What are the weak hypercharge and weak isospin quantum numbers of the helicity states of the $W^\pm$ and $Z^0$ bosons?

The W boson is a spin-1 massless particle. Consequently it has three helicity states, negative (left-handed), positive (right-handed), and neutral. As discussed in this paper, these states restrict which orientations of quarks they can interact with:

The emitted $b$ quark can be regarded as massless compared to the top quark, and hence expected to be predominantly of negative helicity (left-handed), meaning that its spin points opposite to its line of flight. The emitted $W$ boson, being a massive spin-1 particle, can assume any of three helicities: one longitudinal ($W_0$) and two transverse states ($W_−$, left-handed and $W_+$, right-handed)

Int.J.Mod.Phys.A24:2899-3037,(2009), Marc-André Pleier, Review of Properties of the Top Quark from Measurements at the Tevatron

The helicity states of a particle like the electron act very much differently, and they carry different weak hypercharge and/or weak isospin quantum numbers. So really this is two questions. First, are weak hypercharge and weak isospin good quantum numbers for the helicity states of the W and Z bosons? And if they are good states, what are the quantum numbers?

  • $\begingroup$ You mean probably massive not massless $\endgroup$
    – ohneVal
    Dec 17, 2020 at 8:39

1 Answer 1


Hypercharge and weak isospin are obviously broken generators of $SU(2)\times U(1)$, so they're not conserved which also means that the mass eigenstates are not eigenstates (or representations) of those generators. W-bosons and Z-bosons are states where the breaking of these symmetries is most manifest, so of course, in general, they don't have well-defined values of those quantities.

The fundamental fields $W^i_\mu$ and $B_\mu$ carry vanishing hypercharge $Y=0$ because $U(1)_Y$ is an Abelian group so its messengers are neutral. However, their helicity components, especially the longitudinal ones, if they're moving quickly, are mixing with components of the Higgs boson (or several Higgs bosons) that carries a nonzero hypercharge $Y$. So especially for the longitudinal component, the value of $Y$ is a superposition of two possibilities.

The third component of the isospin suffers from the very same uncertainty because the sum of the isospin and the hypercharge is the electric charge - which is well-defined and conserved. One could discuss that the $T_3=-1,0,+1$ triplet (the W-bosons and the $W_3$ combination of the photon and the Z-boson) and the $T_3=0$ singlet states (the $B_0$ combination of the photon and the Z-boson) are getting mixed with the $T_3=\pm 1/2$ doublet of the Higgs field but the conclusion - and the degree of mixing of states with different eigenvalues - would be equivalent to the hypercharge discussion.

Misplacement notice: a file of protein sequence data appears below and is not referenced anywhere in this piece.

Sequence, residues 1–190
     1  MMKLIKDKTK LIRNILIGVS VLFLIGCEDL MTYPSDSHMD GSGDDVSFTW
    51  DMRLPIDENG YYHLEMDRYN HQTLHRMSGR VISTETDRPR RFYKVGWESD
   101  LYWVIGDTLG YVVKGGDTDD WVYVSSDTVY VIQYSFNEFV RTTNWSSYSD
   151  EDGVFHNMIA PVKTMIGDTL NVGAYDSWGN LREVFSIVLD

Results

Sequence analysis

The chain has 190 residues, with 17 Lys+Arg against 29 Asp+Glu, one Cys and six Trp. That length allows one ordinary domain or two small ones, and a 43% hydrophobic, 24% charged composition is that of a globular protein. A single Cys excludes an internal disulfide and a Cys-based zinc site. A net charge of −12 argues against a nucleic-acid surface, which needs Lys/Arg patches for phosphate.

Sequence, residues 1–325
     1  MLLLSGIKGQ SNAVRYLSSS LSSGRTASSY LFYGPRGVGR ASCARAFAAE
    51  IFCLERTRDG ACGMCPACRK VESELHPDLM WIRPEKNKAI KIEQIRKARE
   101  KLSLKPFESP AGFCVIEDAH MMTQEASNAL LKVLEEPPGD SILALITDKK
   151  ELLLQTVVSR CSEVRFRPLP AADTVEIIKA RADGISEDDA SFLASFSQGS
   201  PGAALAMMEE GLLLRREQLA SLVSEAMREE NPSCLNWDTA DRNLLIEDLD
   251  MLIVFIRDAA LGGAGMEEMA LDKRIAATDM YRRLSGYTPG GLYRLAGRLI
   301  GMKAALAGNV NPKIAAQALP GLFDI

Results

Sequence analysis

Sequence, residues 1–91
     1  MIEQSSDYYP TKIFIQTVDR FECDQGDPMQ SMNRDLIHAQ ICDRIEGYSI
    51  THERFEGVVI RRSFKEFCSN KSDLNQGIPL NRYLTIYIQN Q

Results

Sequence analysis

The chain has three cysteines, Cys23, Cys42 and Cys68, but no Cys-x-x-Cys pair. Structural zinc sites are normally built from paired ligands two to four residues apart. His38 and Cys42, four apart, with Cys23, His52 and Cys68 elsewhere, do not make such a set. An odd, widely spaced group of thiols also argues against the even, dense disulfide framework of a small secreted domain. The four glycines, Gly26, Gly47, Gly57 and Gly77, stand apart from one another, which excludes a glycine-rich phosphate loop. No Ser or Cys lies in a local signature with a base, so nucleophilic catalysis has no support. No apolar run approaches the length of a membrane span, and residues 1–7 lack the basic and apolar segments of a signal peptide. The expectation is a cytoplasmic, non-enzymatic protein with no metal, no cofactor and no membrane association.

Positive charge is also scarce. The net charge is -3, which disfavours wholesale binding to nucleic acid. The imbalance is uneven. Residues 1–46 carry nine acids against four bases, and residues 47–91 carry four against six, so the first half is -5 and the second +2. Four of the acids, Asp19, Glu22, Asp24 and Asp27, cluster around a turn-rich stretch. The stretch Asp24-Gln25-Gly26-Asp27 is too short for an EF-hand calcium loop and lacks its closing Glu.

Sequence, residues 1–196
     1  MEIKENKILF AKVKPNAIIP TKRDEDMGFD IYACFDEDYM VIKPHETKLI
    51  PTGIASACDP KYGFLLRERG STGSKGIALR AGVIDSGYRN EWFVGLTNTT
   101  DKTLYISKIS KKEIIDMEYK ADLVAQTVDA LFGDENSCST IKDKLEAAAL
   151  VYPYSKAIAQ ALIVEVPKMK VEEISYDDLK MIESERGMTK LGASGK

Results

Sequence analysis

(At loop level, the states of the W-bosons and Z-bosons may receive additional contributions from multi-particle states with even different values of the hypercharge and isospin. If $T_3$ may change by $1/2$ by a simple processes, a sequence of processes in a loop diagram may change it by anything.)

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    $\begingroup$ Oh this is so precisely what I needed and so obvious now that you say it. I'll +1 it when I get my votes back tomorrow. Thank you thank you thank you. $\endgroup$ Feb 18, 2011 at 7:37
  • $\begingroup$ It was a pleasure, Carl, and don't get too worried about the points, my life (and even reputation here) don't depend on it. ;-) $\endgroup$ Feb 18, 2011 at 9:46
  • $\begingroup$ It's just a reminder to me. By the way, last night I found my copy of "The Standard Model: A Primer" by Burgess and Moore, and it helped a lot. Meanwhile, my new paper is moving along. I just had the realization that I can probably trim off the "diquark" solutions by restricting myself to the solutions that have a non-zero volume in their basin of attraction. I.e., if you start with a random Hopf algebra element, and iterate it by squaring, the results are all quarks and leptons. Some of the quarks and leptons are missing but the mass interaction makes them. But it skips the diquark solutions. $\endgroup$ Feb 18, 2011 at 21:38
  • $\begingroup$ @carl, when did you seriously decide to become an amateur physicist? $\endgroup$ Feb 19, 2011 at 4:13

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